Dash cams see everything on the road--including you

MEMPHIS, TN (WMC/WXIX) - Police have been using dash cams for years, but more and more people are installing them in their cars for personal use. In the event of a crash, they could be the perfect eyewitness, but you should know that they're also recording you.

The cameras are mounted just like a police dash cam. It catches the action in front of the car. As the devices become more common, experts said they could lower insurance rates.

In a car crash, blame often comes down to finger pointing from the drivers.

It's such a simple solution, 100 bucks and it records everything, so there's no question then.

The footage from many cams is stored on SIM card, but others offer cloud storage.

The consumer dash cam craze started in Russia, where auto insurance scams were out of control and drivers wanted to prove they weren't responsible for hit-and-runs.

As an unexpected side effect, the dash cams also started catching crazy moments, like a fireball hurtling over the sky in Russia.

U.S. consumers are now catching up with the Russians, and there's a growing demand for the devices in the states.

Best Buy has a number of different dashboard cameras on store shelves. One maker calls its camera the "perfect eyewitness."

The devices retail for less than $150.

"If I were out in front of the car, the camera would pick that up," traffic officer Lt. Bruce Hoffbauer said.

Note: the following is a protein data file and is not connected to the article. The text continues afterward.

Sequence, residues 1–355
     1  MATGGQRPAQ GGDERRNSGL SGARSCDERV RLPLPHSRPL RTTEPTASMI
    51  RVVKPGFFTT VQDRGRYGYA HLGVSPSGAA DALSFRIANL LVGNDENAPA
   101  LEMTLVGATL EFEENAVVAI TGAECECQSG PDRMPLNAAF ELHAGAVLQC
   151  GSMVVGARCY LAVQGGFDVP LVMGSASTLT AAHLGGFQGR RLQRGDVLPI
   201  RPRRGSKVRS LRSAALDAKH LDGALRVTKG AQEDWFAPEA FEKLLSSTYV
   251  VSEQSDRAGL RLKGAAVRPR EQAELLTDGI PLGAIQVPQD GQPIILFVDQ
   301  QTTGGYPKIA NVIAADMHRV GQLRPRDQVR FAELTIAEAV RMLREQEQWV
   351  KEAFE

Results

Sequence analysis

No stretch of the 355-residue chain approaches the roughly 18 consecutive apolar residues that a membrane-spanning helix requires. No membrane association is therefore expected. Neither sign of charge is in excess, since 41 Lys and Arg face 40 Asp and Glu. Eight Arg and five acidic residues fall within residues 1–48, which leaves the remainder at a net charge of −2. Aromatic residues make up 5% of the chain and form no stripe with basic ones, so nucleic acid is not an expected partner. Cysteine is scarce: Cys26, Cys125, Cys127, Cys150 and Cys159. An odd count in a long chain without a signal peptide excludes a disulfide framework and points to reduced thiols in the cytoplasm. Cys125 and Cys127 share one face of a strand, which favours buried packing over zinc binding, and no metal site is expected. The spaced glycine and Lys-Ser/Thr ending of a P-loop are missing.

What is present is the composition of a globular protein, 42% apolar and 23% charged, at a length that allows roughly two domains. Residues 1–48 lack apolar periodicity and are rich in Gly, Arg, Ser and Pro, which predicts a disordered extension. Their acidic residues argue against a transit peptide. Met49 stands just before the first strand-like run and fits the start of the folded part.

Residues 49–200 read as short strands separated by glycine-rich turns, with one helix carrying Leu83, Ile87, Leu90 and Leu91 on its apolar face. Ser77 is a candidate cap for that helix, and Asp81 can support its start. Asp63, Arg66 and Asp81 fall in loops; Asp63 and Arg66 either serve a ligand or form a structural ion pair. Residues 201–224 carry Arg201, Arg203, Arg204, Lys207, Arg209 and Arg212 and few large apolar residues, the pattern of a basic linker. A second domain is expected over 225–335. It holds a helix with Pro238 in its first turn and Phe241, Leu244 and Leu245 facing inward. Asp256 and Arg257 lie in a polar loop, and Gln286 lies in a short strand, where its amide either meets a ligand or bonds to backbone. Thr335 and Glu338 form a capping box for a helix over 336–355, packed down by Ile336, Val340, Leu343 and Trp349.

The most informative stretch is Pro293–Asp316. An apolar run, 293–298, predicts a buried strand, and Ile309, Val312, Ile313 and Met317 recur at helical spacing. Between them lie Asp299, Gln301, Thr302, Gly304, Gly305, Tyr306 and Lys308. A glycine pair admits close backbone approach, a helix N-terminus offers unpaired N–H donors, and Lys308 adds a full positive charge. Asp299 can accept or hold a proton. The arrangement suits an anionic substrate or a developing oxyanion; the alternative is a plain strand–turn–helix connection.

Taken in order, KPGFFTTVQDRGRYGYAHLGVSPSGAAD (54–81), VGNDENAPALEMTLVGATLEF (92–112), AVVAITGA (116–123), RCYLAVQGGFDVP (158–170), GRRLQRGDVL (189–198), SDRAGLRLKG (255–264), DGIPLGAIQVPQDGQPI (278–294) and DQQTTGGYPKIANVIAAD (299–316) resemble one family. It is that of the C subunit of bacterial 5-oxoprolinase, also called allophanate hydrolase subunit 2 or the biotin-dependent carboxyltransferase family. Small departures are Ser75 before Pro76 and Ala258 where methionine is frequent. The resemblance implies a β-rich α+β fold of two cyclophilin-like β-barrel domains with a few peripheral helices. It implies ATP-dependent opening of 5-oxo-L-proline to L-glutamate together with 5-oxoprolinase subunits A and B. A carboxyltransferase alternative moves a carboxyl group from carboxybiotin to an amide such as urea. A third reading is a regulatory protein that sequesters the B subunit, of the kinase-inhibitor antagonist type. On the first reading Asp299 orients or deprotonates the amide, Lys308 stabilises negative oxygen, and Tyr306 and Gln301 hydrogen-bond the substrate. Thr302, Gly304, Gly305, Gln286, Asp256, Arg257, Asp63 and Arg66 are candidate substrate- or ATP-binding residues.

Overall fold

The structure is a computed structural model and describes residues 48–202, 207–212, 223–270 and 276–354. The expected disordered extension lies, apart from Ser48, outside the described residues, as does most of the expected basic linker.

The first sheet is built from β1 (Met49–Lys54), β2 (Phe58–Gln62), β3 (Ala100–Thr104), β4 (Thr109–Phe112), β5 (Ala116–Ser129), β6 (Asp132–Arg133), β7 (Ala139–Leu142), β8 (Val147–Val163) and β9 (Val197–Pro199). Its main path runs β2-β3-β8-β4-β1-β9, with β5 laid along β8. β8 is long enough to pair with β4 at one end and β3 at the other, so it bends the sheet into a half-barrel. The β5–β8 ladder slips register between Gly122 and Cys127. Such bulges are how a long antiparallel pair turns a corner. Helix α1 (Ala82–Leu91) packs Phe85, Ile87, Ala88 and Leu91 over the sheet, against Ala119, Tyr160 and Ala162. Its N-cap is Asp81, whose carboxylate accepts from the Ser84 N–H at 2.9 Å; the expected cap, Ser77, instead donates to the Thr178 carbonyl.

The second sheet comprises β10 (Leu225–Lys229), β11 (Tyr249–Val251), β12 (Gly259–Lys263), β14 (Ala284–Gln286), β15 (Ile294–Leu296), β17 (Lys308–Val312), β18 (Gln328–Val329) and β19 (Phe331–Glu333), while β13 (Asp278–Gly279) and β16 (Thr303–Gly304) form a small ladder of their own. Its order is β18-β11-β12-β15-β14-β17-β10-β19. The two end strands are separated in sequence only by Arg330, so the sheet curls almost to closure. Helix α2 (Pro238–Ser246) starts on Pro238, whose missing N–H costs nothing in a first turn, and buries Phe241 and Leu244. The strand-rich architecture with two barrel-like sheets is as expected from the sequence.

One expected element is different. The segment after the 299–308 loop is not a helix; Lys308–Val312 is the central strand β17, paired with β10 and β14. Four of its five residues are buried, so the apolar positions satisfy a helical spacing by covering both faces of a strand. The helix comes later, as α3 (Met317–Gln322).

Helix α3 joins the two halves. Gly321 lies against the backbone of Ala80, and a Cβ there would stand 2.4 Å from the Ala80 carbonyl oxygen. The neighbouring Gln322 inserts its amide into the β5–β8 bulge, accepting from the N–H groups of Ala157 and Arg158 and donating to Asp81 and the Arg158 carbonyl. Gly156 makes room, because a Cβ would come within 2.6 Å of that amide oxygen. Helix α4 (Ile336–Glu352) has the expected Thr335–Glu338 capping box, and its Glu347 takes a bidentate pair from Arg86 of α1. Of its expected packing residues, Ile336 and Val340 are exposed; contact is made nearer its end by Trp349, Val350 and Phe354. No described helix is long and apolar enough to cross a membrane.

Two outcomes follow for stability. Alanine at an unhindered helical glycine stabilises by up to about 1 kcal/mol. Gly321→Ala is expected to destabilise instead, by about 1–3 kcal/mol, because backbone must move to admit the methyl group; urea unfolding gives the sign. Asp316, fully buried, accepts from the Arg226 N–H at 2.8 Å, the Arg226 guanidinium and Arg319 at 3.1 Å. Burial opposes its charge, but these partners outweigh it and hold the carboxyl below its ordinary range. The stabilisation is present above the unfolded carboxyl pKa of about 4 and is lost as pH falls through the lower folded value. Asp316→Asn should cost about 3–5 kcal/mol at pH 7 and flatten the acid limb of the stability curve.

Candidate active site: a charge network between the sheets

Hoffbauer said in an accident, dash cam footage can be an investigative tool for police that could help decide who's at fault. But he has a warning for drivers.

"It could help police there, but we don't want the public to think that that's going to be their way to enforce the law when they see a violation," Hoffbauer said.

Other drivers might think dash cam video could be useful to dispute traffic tickets. On the flip side, if you cause a crash, the footage could work against you.

"From an insurance-related standpoint, might be beneficial to have," Mary Bonelli said.

Bonelli is with the Ohio Insurance Institute. She said right now, there are no insurance companies that offer discounts to customers with dash cameras in their vehicles, but she believes that could change.

"But as the technology advances and as insurers find a connection between crashes and a reduction in claims' costs, this will be re-visited," Bonelli said.

One last thing to consider: If your car will be sitting in the sun for hours each day, you may want to look at a camera that runs off your car's power rather than batteries, which perform poorly in extreme heat.

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